For Immediate Release—March 31, 2023
Public calls on White House for plan to replace Snake River dams
SEATTLE—Today, fishermen, energy experts, rural businesses and families, salmon and orca advocates, and youth leaders all called on the federal government to develop a plan to remove the four lower Snake River dams and replace the services they provide before Northwest salmon go extinct.
Hosted by the White House Council on Environmental Quality, the listening session aimed to gather public input on litigation about the lower Snake River dams, which is currently paused to allow for mediation.
Last July, a National Oceanic and Atmospheric Administration report confirmed that removing the dams is essential to stop the decline in Snake River salmon populations, echoing decades of prior research that have said the same. Replacing the services provided by the dams is a necessary step in ensuring the region continues to have affordable renewable energy and reliable agricultural transportation and irrigation systems.
Participants thanked Senator Patty Murray, Washington state legislators and Governor Jay Inslee for their leadership in planning how to replace the services currently provided by the dams.
An additional listening session will be held on Monday, April 3, from 10:00am to 1:00pm PDT.
Quotations from today’s session are included below.
“...[B]reaching the lower Snake River dams creates opportunity to redirect resources to the other system dams that provide flexibility when paired with variable energy resources and new or emerging resource science and technologies, better preserving, and expanding our clean energy portfolios, particularly useful to small market remote rural counties like mine… Restoration of the lower Snake River fish runs is widely beneficial to many Americans and their economies. A Copernican-like shift of leadership and allocation of federal resources for mitigating and replacing lost services required before breaching the LSRD is critical and a key step forward to a better, more resilient environment and energy future.”
Ken Hayes, Commissioner, Clallam County PUD
“The importance of these fish and the outfitting & guiding industry to these rural Idaho communities cannot be overstated. Yet fishing outfitters and guides and their communities continue to helplessly watch the downward arc of Idaho’s anadromous fish. Their hardship is not hypothetical; it is real and immediate and long-endured.”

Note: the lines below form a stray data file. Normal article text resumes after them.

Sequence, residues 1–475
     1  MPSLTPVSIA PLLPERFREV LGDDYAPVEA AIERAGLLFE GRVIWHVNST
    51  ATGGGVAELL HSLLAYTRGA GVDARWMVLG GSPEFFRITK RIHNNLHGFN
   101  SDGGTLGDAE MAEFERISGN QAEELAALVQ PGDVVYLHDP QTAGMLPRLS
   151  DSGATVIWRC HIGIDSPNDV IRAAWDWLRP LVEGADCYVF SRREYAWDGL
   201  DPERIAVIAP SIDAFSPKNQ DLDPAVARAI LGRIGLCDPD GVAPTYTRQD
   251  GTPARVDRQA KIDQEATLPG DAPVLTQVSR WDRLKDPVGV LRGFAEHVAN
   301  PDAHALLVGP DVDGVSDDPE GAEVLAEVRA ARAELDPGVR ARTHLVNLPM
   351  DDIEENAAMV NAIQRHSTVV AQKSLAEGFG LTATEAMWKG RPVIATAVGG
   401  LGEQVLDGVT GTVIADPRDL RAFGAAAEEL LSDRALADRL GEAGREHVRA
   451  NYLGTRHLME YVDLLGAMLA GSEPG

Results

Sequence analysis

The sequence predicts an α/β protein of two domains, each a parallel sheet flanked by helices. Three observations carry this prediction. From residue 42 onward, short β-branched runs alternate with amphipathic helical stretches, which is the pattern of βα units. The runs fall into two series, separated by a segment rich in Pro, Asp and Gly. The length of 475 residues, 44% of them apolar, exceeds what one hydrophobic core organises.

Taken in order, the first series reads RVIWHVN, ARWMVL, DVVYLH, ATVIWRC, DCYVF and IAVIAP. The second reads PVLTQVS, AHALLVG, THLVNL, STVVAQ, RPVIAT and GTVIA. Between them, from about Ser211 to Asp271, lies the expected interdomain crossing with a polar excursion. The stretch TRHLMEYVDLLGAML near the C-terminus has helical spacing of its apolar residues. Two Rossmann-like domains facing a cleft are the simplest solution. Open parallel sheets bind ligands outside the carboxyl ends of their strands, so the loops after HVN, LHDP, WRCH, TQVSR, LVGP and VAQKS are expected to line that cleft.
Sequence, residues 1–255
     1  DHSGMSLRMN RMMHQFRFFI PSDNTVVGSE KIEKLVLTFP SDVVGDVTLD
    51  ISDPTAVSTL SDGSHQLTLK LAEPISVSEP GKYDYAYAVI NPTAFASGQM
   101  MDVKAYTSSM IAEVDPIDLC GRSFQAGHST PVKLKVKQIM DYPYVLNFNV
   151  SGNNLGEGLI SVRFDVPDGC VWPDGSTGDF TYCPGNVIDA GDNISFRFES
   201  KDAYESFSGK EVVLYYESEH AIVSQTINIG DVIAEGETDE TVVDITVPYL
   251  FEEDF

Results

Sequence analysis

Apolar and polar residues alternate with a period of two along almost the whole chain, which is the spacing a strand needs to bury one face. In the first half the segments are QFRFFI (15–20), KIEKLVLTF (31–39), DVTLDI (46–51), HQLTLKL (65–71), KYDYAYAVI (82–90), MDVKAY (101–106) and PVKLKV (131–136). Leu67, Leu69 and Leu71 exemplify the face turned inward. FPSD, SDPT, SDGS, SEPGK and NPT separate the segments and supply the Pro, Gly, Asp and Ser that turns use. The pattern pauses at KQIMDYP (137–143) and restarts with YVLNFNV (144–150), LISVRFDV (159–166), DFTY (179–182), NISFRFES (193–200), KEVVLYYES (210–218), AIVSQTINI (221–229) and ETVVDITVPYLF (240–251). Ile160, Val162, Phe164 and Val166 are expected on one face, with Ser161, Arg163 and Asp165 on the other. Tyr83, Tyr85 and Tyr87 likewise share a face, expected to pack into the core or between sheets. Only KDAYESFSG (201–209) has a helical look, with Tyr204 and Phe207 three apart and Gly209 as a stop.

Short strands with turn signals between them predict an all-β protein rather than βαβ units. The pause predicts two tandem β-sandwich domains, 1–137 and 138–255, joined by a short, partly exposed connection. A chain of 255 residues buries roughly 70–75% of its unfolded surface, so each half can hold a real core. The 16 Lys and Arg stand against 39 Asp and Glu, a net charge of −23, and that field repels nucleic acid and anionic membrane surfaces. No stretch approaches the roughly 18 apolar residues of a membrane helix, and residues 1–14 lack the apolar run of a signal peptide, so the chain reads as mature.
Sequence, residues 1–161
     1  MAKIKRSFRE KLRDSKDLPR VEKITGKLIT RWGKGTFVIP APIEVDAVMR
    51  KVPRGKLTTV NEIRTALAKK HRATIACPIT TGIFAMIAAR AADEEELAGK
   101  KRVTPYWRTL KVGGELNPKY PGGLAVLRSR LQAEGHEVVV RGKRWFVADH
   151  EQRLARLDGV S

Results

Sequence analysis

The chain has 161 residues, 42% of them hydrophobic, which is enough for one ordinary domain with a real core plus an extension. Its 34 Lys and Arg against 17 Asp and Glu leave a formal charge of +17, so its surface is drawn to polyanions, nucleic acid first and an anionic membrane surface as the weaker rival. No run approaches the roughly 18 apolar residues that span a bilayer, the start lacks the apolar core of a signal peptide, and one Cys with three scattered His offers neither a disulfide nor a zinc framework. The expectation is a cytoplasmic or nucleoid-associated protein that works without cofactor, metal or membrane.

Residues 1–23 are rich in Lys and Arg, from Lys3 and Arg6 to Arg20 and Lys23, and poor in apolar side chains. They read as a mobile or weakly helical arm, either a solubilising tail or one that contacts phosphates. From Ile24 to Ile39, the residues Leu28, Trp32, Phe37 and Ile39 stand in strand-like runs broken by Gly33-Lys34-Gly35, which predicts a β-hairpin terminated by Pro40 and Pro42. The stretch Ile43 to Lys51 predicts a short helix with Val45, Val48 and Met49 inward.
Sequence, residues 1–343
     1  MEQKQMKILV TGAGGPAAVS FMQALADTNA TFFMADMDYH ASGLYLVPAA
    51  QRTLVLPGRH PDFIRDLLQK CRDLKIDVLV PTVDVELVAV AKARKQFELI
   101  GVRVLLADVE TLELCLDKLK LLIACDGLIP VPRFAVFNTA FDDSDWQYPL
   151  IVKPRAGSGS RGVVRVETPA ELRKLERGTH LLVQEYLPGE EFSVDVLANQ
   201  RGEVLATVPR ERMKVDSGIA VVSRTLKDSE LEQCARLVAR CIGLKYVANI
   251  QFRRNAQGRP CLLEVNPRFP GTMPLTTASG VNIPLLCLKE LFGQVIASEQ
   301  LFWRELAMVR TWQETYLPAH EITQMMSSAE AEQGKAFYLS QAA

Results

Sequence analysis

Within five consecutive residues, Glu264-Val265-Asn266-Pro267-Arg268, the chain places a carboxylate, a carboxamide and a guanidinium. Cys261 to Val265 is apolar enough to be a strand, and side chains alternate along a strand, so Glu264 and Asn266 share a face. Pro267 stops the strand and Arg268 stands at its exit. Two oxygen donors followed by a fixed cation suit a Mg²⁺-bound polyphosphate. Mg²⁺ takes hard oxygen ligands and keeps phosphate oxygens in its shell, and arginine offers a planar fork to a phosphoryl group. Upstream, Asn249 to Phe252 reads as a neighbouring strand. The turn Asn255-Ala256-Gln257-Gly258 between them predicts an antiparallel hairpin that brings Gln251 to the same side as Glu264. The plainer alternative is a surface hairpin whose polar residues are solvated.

Aaron Lieberman, Executive Director, Idaho Outfitters & Guides Association
“We support an expedient decision and process to remove the four lower Snake River dams and replace the services they provide. The restoration of a free-flowing river is essential for the Northwest Tribal Nations. Salmon recovery is central to environmental justice for the Northwest’s Indigenous communities. It enhances their opportunities for cultural, subsistence and commercial fishing, and honors the treaty obligations of the United States.”
Rein Attemann, Washington Conservation Action
“I’ve gone to the San Juan Islands every year to look for the Southern Resident [orcas] and I used to see them every summer without fail, but now these sightings have become few and far between as the orcas become dispersed in search of dwindling chinook salmon…The Snake River salmon are teetering on the edge of extinction and the Southern Resident orcas are speeding ever closer to function extinction. With support for breaching growing among political leaders, right now is the time for the Biden administration to act.”
Owen Begley-Collier, 17-Year Old Orca Advocate, WYORCA
“Building the Snake River dams in order to make Lewiston/Clarkston a seaport has failed to produce the economic response that was the promise that sold these projects in the 1960’s. Construction of the lower Snake dams was a high-risk experiment in social engineering that has placed an iconic salmon species at risk. Please fix this problem—breach the dams and replace the lost services. We owe it to the Tribes, and we owe it to ourselves.”
Don Parks, Resident of Redmond, Washington
“The Snake basin contains the largest area of high-quality Pacific salmon and steelhead habitat left in the lower 48 states. This habitat is increasingly important for them as climate change proceeds, providing a haven of cold waters and the habitat integrity and complexity they need to build and maintain healthy, resilient populations. And yet, even here in the best of the best habitat remaining, the impact of the dams on our salmon and steelhead is unquestionable. Downstream, salmon and steelhead populations on the John Day Rivers and Yakima Rivers must cross three and four dams, respectively. These populations are returning at sustainable rates, nearly four times as high as salmon and steelhead in the Snake basin, which must cross 8 dams and are reaching critical thresholds of risk.”
Helen Neville, Senior Scientist, Trout Unlimited
“...Cascade Fisheries recognizes that actions taken in the Snake River benefits all salmon species in the Columbia by decreasing water temperatures in the mainstem of the Columbia River. Colder water temperatures will help ensure these endangered salmon and steelhead species have a better chance of survival through their journeys through the gauntlet of 14 large dams on the river. With warmer air temperatures and reduced snowpack in our mountains as a result of climate change, now is [the] time to act to ensure survival of these iconic fisheries.”
Christine Parson, President, Cascade Fisheries
“The [NWEC 2022] study concludes that a diverse resource portfolio consisting of wind, solar, demand response, storage, and market purchases at an annual cost of $277 million was able to sufficiently replace the energy, capacity value, and ramping historically provided by the four lower Snake dams.”
Sara Patton, Former Executive Director of NW Energy Coalition
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